Thirty years ago, I became vegan. It was both incredibly easy and ridiculously hard.
The first and main difficulty was finding out why I should be vegan. There was no internet back then, no documentaries, and no chance of stumbling across a dairy exposé in the newspaper or seeing a story of hens being rescued from slaughter pop up on my phone. I’d never met a vegan, nor ever seen one on the television. I’m not sure I even knew the word. I’d been vegetarian since I was 12, but I was in my 20s and at university before I learned about the realities of the milk and egg trades. Although it all rang true, and I believed every shocking word of it, it still took some months for the visceral horrors to filter through and take hold. Once they did, however, in the autumn of 1992, I made the decision. I had to go vegan. And that was the easy part.
When you stop seeing meat, milk, and eggs as food and instead see them as parts of animals, they become no more food than a brick or a blanket are. It always baffled me when people said I bet you miss bacon because they may as well have said I bet you miss eating floor tiles. I just didn’t. And yet, that first week without cheese was hard, and this is why…
Not A Real Vegetarian
As a child, I wanted no part in harming animals, and so I stopped eating them. A full three years after going vegetarian, my school teacher dropped an almighty bombshell: I hear you’re vegetarian, she said. But I bet you’re not a real vegetarian. I bet you eat cheese made with rennet.
What? I’d never heard of rennet. I went to the library and found that, astonishingly, she was right. Almost all cheese back then contained rennet — the stomachs of calves — and I had been eating it unknowingly. It was my first lesson in not taking things at face value and I immediately stopped eating all cheese as I could not be sure which, if any, were actually vegetarian. By the time I was coming to understand why dairy was as big a problem as rennet, and I was standing on the brink of veganism, a whole host of vegetarian cheeses were suddenly being marketed. After those cheeseless years, I really wanted them, and the inside of my head became a relentless good-versus-evil battleground. By then, I knew what cows endured in milk production. I knew calves were stolen away and sent to the veal industry, or shot in the head if their tiny bodies could not turn a profit. I knew that their mothers grieved, lost all hope, and eventually broke down, at which point, they were also disposed of. And yet I tormented myself by loitering around the cheese counter at the supermarket imagining the taste and feel of the different varieties that I knew I couldn’t have. At night, I dreamed about cheese. After seven days, I cracked. I bought every vegetarian cheese the store had to offer and I ate them all, pounds and pounds of cheese. Afterwards, I felt absolutely sick with the guilt of it but I also felt sick with cheese. That was the day I became vegan.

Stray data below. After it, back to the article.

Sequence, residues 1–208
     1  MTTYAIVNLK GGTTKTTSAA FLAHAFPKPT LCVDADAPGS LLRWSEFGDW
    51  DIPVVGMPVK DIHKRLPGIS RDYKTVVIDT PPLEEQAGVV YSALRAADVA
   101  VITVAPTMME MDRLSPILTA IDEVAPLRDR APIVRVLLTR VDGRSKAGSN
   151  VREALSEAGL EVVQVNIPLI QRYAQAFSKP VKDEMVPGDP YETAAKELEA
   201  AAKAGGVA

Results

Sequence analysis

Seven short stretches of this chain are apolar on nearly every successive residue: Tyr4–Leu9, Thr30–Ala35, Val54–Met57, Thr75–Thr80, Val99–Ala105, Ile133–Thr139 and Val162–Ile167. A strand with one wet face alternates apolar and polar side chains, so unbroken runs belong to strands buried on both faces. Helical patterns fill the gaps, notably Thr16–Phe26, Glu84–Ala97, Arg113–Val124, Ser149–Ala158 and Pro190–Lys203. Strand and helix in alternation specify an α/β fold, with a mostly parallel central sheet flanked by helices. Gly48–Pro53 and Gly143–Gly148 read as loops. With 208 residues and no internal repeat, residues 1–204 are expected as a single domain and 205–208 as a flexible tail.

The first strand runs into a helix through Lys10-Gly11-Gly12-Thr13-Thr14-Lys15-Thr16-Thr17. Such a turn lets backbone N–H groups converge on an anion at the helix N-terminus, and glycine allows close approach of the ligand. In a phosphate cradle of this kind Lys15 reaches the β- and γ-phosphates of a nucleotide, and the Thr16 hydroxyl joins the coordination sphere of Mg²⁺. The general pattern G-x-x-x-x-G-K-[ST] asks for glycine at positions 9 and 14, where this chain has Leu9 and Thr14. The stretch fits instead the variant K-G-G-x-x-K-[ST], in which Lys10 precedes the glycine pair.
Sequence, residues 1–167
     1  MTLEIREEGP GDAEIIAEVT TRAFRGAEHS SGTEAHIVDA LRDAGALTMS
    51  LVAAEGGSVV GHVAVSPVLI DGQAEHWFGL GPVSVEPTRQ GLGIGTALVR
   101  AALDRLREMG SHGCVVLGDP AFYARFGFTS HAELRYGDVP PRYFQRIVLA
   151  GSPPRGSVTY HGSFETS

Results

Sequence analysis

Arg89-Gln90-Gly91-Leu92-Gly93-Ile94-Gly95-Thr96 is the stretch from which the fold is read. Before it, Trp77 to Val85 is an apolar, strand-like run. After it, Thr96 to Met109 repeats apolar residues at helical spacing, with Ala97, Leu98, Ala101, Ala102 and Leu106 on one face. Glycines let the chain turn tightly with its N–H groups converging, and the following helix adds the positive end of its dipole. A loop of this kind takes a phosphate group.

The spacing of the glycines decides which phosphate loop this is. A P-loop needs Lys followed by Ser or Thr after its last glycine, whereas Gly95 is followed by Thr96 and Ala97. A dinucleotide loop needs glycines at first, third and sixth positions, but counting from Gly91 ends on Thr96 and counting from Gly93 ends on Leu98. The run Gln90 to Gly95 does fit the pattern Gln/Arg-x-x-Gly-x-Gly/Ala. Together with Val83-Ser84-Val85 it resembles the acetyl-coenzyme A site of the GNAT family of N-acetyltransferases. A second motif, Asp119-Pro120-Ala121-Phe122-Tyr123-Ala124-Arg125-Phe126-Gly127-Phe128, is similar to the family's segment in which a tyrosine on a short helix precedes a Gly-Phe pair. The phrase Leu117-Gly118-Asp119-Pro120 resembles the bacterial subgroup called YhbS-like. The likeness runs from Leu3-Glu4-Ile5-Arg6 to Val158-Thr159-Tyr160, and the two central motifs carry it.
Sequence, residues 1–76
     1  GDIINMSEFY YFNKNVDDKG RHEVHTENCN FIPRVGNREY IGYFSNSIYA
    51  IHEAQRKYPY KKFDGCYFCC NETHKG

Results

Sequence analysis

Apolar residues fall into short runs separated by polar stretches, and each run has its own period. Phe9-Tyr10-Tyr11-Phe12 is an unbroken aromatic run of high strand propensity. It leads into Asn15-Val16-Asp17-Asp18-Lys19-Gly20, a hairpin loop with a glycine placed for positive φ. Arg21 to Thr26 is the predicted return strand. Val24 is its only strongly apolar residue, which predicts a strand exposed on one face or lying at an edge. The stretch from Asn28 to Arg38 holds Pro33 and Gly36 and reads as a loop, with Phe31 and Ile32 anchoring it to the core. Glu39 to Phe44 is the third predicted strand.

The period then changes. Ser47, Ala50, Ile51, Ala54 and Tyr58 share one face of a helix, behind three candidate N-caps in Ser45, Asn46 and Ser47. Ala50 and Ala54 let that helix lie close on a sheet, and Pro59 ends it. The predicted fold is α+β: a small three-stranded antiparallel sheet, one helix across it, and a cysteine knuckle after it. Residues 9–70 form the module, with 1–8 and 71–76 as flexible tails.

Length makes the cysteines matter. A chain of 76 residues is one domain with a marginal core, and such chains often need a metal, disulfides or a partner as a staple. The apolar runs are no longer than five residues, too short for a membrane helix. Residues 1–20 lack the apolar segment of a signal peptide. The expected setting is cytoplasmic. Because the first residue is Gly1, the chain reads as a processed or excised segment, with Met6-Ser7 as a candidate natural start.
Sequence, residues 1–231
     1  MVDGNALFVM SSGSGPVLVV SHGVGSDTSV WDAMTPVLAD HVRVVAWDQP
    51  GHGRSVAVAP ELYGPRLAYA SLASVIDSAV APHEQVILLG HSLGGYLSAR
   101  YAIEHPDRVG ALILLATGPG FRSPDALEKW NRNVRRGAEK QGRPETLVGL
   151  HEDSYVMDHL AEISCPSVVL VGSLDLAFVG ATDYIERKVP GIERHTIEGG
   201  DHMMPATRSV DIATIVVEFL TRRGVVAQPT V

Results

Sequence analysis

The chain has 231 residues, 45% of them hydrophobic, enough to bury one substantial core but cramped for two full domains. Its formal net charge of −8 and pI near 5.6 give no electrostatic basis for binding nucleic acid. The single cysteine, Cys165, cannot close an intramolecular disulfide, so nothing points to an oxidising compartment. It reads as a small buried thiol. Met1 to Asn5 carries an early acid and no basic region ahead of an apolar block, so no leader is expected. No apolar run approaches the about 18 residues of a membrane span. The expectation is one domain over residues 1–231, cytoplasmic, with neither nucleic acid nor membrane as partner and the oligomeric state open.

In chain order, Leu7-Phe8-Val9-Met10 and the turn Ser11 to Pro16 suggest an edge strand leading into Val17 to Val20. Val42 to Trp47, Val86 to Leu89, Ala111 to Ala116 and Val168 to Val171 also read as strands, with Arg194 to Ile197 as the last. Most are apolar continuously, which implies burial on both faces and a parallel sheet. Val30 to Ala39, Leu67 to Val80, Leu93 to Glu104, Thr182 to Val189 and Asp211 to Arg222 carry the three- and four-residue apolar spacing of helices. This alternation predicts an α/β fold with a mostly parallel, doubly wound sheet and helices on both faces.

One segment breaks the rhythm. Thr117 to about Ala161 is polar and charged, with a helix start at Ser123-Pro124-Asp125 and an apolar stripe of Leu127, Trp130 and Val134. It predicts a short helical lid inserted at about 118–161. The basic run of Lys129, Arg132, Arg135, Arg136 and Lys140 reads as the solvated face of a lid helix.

What Did Vegans Eat?
Today, we can answer the question What do vegans eat? quite simply, but there were very few convenience foods available for vegans in the early 1990s. And, in any case, I had very little money to buy them. But I had been taught to cook and so I could rustle up hearty stews and casseroles, soups, pies, dal, and veggie curries, all inexpensively. I was eating a whole food plant-based diet before anyone had called it that. You may ask Did you notice any health benefits? but I was a student and around half my calories came from beer, so I can’t say that my health flourished in any noticeable way. But I flourished. I knew that I’d made the right decision, and that sat very well with me.
In 1992, no supermarket stocked plant milk, and nor did coffee shops. In fact, I don’t think there were coffee shops yet. If you wanted to meet someone outside of the home, you sat in an eye-stingingly smoky pub and drank warm beer or you met in a ‘greasy spoon’ cafe and drank tea.
There were, however, a few vegan foods available to us. They included:
- Batchelors Beanfeast – sachets of dehydrated flavoured soya mince which could be turned into a Bolognese or the filling for a shepherd’s pie. They were tasty enough but virtually indigestible and gave us all some pretty outlandish wind
- Sosmix and Burgamix – more dehydrated mixes. Just add water, shape, and fry. They had the texture of window putty and could not have looked less appetising. They’re still available if you’re ever tempted to try them
- Mock duck – of all the things vegans may have missed back then, duck was not one of them. It’s a mystery why you could buy mock duck in every health food shop but nonetheless there it was
- Nuttolene – I’m still unsure what this is or how you were supposed to eat it. I just know that once was enough for me. In fact, it was one time too many
- Nut roasts – more dehydrated ingredients in various flavours that you mixed with water and baked. They were actually quite nice and were a regular Sunday lunch standby
- Veez – possibly the first vegan ‘cheese’. It had no discernible taste and looked like something you’d scrape out of an abandoned fridge
- Bourbon biscuits – these have always been vegan and were available everywhere, so you could always get a sugar hit. Often, these were our saviours
- Disos – the only available vegan wine. It stripped your insides like the finest petrol
The Miracle of Linda McCartney